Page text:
She uncoiled and swept away, leaving me to gape in amazement.
“Better get on it.” Fred told me, “or we’ll all be out of a job.”
“She’s the boss?” I asked, amazed.
“I know,” he replied irritably. “Don’t be funny. How long will it take to have those dataflow diagrams complete?”
I thought about my last project, 50 years ago. I had been three months into it, and I almost had my program tested. I hoped I could find the old punch cards. Someone at the next table was working on a tiny terminal, a laptop PC he called it. I’d have to learn how to read the cards into this thing. I couldn’t see any slots big enough to take them.
“Well,” I replied judiciously, “if I start tomorrow, I can do some reading. I’ll write down some specifications and get them to a secretary for typing, so by next week or so I’ll be able to start on the dataflow diagrams. Whatever they are,” I thought to myself.
“Very funny. She’s going to need at least the dataflow diagrams by next Monday. I’m going to need a memo on your progress by Thursday evening. Make sure you email me.” And they all started talking about something called NASDAQ.
The Mad Tea Party (with apologies to Lewis Carroll)
The table seemed to have gotten quite large, but we were all crowded together at one corner of it. My colleagues were all poking me with their elbows.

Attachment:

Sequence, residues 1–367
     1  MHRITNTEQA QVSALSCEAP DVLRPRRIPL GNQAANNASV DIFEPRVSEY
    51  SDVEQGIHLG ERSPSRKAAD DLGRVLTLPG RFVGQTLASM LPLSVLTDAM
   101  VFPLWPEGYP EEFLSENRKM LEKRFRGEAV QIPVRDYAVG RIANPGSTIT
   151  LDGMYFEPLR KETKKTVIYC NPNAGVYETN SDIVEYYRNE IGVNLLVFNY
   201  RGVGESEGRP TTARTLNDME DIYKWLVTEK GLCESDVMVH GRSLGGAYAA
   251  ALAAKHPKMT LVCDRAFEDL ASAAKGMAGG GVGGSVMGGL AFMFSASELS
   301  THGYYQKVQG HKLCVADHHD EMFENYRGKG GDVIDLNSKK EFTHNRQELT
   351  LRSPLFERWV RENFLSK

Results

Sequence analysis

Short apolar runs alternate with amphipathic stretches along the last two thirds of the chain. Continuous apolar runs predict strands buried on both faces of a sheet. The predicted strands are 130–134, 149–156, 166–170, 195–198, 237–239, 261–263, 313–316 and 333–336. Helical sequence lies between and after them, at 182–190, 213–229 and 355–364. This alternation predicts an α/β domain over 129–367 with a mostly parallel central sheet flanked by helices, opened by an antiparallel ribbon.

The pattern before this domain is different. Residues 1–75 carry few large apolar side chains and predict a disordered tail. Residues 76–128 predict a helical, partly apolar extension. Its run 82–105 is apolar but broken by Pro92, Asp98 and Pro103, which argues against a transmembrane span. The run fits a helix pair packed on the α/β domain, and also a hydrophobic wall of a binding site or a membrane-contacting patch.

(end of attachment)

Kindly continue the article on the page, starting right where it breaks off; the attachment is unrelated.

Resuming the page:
“Have some wine,” Fred said suddenly.
All I could see was tea and coffee. “I don't see any wine,” I told him.
“There isn't any,” someone said.
“Why did you offer it?” I asked angrily.
“Your hair’s too short,” Fred said, staring at me. “Anyway, what time is it?”
“Twelve-thirty,” I answered, and then defiantly, “January 2nd, 1951.”
`Fifty years wrong,” Fred sighed. “I told you the program was wrong. Not enough hardware, too much middleware, and really weird software.”
I was really puzzled. His remark seemed to have no meaning, and yet it was certainly English.
“I don't understand,” I said, politely.
Fred shook his head mournfully. “It can’t be 50 years wrong. I’m going to Italy this summer, and then St Petersburg.”
The Mangled State
I pinched myself, and my head started to spin. They looked like bums, they dressed like bums, and they all spoke in tongues. Yet Fred was talking about a holiday in Italy, and visiting St Petersburg afterwards. Wasn’t that Leningrad, in the USSR? My head began to spin as they crowded around, getting noisier and noisier.
“Machine in the mangled state. Completely unreasonable deliverables… integrated solutions using middleware like MQ. Even the Standard and Poors are down a few percentage points, got to get into equities. 401k for me.” They were all looking at me, wild eyes and wild hair and wild clothes spinning around, as they rose up about me like a crazy pack of playing cards in ‘Alice in Wonderland.’
“Deadlines, deliverables, Dow Jones and Dice,” Fred shouted at me.
“We network on Netscape so clever,” the chorus sang. “S and P, Software, Sybase and SAP, on the Internet highway forever,” they concluded with a deafening roar.
I woke up with coffee dripping off the table onto my jeans.
“What a nightmare,” I gasped.
“What?” someone asked.
“Uh, traffic was pretty good today.” And they pretended to ignore me as usual.